Sunday, November 06, 2011

Mary Malloy taps medieval world for murder most foul

Like Chaucer's Wife of Bath, Mary Malloy is an adventurous woman. She has hiked across England in the footsteps of the "Canterbury Tales" character and voyaged north to Spitsbergen, Norway, and in the South Seas.

A professor of maritime history at the Sea Education Association in Woods Hole who also teaches museum studies at Harvard University, she balances her academic career with a lighter pursuit: writing mysteries.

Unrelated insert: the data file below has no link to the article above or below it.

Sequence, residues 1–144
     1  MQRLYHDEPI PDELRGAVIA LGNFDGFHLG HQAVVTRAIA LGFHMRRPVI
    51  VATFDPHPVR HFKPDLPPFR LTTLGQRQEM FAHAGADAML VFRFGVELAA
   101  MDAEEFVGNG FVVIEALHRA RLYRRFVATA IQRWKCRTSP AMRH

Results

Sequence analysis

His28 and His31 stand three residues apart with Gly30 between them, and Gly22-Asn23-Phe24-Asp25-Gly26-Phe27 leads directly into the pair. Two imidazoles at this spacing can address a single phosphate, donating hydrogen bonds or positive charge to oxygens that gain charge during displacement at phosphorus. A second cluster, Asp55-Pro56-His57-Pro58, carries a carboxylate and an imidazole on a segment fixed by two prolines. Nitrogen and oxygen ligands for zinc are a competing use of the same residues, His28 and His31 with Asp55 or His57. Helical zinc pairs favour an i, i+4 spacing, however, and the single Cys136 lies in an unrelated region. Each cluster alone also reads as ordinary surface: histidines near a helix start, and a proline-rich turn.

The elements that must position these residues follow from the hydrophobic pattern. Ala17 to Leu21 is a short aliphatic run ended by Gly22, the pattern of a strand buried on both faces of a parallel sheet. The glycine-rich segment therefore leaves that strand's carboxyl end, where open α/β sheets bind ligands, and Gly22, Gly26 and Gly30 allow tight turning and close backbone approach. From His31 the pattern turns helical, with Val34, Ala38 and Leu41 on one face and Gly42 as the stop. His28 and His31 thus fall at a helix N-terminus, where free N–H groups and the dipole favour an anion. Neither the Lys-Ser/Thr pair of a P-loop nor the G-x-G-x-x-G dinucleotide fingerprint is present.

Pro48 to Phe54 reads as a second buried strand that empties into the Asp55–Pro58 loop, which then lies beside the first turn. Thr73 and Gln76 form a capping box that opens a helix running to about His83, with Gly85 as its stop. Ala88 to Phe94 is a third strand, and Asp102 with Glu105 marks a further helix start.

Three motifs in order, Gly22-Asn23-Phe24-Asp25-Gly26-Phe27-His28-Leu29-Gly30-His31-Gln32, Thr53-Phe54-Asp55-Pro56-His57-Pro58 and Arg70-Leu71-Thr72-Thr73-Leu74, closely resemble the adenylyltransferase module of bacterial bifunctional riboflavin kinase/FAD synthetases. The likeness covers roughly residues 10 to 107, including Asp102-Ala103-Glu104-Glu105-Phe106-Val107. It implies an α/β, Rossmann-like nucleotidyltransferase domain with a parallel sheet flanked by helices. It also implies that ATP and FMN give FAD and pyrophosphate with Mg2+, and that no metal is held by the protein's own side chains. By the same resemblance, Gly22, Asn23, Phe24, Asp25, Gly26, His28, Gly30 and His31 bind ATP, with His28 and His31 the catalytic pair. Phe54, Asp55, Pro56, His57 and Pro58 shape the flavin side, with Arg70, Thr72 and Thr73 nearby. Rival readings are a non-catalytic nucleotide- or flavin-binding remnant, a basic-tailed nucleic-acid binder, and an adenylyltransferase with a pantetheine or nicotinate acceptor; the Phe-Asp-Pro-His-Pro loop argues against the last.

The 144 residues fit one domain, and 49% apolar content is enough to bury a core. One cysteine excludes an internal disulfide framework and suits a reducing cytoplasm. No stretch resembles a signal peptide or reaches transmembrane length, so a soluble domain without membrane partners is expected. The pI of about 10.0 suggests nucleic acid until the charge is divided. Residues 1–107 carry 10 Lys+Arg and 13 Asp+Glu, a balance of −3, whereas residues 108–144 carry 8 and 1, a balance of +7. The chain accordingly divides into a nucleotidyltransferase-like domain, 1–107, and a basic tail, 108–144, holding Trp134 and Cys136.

Her newest, Paradise Walk (Leapfrog Press, 286 pages, $15.95), finds historian Lizzie Manning tracing the path of Chaucer's bawdy Wife of Bath. In the vein of Dan Brown's blockbuster, "The Da Vinci Code," "Paradise Walk" entwines fiction and history.

What begins for Lizzie as a research commission to find evidence of Alison the Weaver, who may have inspired Chaucer's character, becomes a quest riddled with intrigue and danger. Woven into this mystery with textile clues are the legends of King Arthur, the relics of St. Thomas Becket and King Henry VIII's brutal dissolution of the monasteries.

Click here to read this article from Cape Cod Online